We have only one planet so rich in biodiversity and still so much more to love and learn. If we mess up ain't nobody gonna come and fix it for us. The responsibility is ours, yours and mine. Other animals share this planet with us, they have evolved with us and they have every right to be here. We all share a common ancestry and a common home. We're family.
If we were smarter, we'd respect that. And do something about it.
There is a lot that you and I can do and if we all play our part, I really am optimistic for the future.
Education and action are the keys. In the blue box to the right you'll find links to lots of information and resources to help you.
Let's learn from the birds and get smart.
My Review of 'Mind of The Raven' by Bernd Heinrich
Buy 'Mind of The Raven'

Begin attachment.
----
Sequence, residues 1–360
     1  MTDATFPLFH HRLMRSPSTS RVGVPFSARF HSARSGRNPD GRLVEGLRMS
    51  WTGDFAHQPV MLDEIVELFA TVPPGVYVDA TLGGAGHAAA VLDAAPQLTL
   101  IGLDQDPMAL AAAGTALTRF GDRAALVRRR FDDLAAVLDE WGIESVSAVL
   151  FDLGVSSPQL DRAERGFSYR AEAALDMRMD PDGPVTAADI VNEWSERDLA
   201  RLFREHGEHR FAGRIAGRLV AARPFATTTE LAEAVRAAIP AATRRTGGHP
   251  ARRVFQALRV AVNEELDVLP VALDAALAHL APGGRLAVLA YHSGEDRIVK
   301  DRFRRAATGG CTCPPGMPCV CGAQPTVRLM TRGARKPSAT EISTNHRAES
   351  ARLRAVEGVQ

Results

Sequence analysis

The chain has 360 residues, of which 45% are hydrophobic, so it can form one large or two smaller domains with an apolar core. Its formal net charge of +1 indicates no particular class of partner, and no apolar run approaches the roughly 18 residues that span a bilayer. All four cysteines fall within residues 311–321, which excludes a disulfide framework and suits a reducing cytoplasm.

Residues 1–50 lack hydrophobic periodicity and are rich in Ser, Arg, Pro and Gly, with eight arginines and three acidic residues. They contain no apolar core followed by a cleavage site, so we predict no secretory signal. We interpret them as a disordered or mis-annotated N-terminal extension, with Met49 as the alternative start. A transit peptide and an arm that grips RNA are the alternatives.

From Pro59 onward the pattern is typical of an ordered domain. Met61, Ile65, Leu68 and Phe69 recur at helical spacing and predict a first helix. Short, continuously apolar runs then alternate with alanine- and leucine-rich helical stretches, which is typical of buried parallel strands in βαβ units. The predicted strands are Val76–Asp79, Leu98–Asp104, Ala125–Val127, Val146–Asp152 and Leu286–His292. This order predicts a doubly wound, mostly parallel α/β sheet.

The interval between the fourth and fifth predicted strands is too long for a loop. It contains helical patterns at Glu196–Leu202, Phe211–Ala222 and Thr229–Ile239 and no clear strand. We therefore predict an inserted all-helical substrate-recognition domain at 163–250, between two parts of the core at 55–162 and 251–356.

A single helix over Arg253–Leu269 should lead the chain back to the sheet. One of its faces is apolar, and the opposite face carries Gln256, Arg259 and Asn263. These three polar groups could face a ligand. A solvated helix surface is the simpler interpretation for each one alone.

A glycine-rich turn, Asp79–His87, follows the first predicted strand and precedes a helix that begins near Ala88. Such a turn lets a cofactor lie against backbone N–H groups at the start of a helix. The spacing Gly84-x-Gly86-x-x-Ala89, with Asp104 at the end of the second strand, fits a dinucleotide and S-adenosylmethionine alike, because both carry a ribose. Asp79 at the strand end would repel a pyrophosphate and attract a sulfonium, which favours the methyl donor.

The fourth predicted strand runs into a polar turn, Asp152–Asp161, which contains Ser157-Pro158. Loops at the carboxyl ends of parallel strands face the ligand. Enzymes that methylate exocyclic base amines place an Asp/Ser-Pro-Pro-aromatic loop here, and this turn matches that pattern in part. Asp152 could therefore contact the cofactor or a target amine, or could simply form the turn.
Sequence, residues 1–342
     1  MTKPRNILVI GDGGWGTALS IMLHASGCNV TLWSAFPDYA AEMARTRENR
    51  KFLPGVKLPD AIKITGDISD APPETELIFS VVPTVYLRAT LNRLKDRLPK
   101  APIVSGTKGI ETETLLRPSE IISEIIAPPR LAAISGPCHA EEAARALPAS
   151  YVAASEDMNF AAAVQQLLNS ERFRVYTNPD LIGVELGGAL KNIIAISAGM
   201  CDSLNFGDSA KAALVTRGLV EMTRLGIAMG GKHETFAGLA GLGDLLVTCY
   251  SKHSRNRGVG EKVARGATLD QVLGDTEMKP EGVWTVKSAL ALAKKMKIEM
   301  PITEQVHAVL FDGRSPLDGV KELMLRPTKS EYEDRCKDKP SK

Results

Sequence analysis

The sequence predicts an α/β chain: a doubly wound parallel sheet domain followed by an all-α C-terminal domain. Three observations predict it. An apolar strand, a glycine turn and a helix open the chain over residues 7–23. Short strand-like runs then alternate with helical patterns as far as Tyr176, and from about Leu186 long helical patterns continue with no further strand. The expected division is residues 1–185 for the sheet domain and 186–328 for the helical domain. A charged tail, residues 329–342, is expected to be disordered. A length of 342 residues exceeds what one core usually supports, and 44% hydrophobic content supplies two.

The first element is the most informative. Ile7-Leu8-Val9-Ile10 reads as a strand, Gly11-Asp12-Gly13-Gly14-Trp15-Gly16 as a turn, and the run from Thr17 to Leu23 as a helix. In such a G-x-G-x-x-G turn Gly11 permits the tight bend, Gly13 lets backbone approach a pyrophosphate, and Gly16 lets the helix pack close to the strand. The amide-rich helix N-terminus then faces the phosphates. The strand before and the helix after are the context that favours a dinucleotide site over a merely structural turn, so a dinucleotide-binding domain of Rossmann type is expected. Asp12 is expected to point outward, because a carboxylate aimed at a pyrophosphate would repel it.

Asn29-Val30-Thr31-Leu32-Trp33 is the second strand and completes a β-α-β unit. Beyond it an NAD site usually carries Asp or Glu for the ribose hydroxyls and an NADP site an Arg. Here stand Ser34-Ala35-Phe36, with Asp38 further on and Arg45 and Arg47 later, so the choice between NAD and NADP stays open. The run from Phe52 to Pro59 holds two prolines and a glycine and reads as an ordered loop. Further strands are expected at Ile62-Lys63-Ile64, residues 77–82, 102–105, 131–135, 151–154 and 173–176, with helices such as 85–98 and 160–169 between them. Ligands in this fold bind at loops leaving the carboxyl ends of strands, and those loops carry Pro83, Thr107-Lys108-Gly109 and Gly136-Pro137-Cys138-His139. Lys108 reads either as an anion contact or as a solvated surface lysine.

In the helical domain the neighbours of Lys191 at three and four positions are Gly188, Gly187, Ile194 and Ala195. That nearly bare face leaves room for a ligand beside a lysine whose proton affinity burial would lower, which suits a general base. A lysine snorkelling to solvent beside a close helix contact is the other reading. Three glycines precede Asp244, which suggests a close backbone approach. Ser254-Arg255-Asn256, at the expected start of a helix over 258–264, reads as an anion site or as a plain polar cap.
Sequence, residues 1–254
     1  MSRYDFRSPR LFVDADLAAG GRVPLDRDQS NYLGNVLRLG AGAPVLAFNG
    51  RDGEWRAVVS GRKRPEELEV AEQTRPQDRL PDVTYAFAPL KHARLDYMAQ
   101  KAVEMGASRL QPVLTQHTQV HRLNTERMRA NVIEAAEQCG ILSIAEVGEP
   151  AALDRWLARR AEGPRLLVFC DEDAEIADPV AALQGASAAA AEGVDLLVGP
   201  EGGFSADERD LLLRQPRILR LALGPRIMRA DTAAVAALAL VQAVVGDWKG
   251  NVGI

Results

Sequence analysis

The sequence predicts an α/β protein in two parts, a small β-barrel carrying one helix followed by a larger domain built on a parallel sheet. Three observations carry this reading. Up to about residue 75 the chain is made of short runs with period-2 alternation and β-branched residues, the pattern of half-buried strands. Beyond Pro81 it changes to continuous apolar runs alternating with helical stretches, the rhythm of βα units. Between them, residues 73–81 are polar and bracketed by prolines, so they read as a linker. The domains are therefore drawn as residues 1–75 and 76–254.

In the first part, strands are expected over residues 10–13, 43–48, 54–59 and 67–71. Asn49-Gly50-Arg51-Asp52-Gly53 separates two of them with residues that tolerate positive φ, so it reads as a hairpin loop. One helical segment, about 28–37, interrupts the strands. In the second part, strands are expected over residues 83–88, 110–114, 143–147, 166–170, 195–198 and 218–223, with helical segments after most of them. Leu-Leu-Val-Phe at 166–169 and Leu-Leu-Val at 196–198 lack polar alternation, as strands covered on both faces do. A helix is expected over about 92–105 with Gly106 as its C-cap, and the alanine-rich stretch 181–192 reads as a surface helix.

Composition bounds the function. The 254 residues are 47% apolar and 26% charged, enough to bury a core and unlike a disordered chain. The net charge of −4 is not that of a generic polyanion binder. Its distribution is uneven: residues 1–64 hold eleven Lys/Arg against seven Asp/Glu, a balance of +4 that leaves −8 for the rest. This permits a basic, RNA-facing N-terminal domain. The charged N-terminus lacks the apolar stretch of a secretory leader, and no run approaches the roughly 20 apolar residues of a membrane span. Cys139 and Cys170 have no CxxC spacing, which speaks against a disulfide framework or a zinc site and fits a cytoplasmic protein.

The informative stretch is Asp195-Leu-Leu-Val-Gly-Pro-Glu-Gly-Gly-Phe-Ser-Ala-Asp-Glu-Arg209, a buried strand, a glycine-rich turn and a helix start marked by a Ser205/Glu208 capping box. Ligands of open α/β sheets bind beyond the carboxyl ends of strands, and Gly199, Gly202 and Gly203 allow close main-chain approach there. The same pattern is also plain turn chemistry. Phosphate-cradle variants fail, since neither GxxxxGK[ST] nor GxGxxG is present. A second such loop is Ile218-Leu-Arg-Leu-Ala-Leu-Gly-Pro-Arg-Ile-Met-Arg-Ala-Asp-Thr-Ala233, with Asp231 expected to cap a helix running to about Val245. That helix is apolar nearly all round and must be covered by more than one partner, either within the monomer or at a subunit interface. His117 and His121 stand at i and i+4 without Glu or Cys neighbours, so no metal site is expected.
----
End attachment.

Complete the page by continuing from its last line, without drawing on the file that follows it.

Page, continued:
The "mind" of the book's title encompasses all behavior and experience in these birds' lives. Heinrich details innumerable observations and experiments which he conducted on the subjects of raven feeding and educating their young, cooperation, hunting, adoption, dominance, sensory perception, individual recognition, communication, fears, interaction with other animals, caching, deception, play, intelligence, and emotions. Heinrich seems to possess an insatiable -and infectious- curiosity about these magnificent birds, which is demonstrated in his exhausting and endlessly inventive experiments.